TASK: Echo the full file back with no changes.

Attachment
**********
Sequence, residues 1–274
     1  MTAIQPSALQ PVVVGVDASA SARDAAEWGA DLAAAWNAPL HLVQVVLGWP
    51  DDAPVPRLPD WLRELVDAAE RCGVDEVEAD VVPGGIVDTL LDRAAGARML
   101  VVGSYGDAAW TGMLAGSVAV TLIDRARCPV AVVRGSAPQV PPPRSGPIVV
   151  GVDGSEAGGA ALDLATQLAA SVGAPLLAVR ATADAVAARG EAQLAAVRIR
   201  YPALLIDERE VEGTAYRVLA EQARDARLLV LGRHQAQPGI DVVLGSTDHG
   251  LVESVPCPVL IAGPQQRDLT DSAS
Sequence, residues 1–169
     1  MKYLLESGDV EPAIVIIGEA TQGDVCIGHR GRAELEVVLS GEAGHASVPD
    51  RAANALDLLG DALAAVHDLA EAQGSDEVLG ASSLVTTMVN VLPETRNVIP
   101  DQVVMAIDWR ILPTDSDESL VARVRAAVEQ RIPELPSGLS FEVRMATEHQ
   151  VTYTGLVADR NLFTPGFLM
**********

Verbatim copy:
Sequence, residues 1–274
     1  MTAIQPSALQ PVVVGVDASA SARDAAEWGA DLAAAWNAPL HLVQVVLGWP
    51  DDAPVPRLPD WLRELVDAAE RCGVDEVEAD VVPGGIVDTL LDRAAGARML
   101  VVGSYGDAAW TGMLAGSVAV TLIDRARCPV AVVRGSAPQV PPPRSGPIVV
   151  GVDGSEAGGA ALDLATQLAA SVGAPLLAVR ATADAVAARG EAQLAAVRIR
   201  YPALLIDERE VEGTAYRVLA EQARDARLLV LGRHQAQPGI DVVLGSTDHG
   251  LVESVPCPVL IAGPQQRDLT DSAS
Sequence, residues 1–169
     1  MKYLLESGDV EPAIVIIGEA TQGDVCIGHR GRAELEVVLS GEAGHASVPD
    51  RAANALDLLG DALAAVHDLA EAQGSDEVLG ASSLVTTMVN VLPETRNVIP
   101  DQVVMAIDWR ILPTDSDESL VARVRAAVEQ RIPELPSGLS FEVRMATEHQ
   151  VTYTGLVADR NLFTPGFLM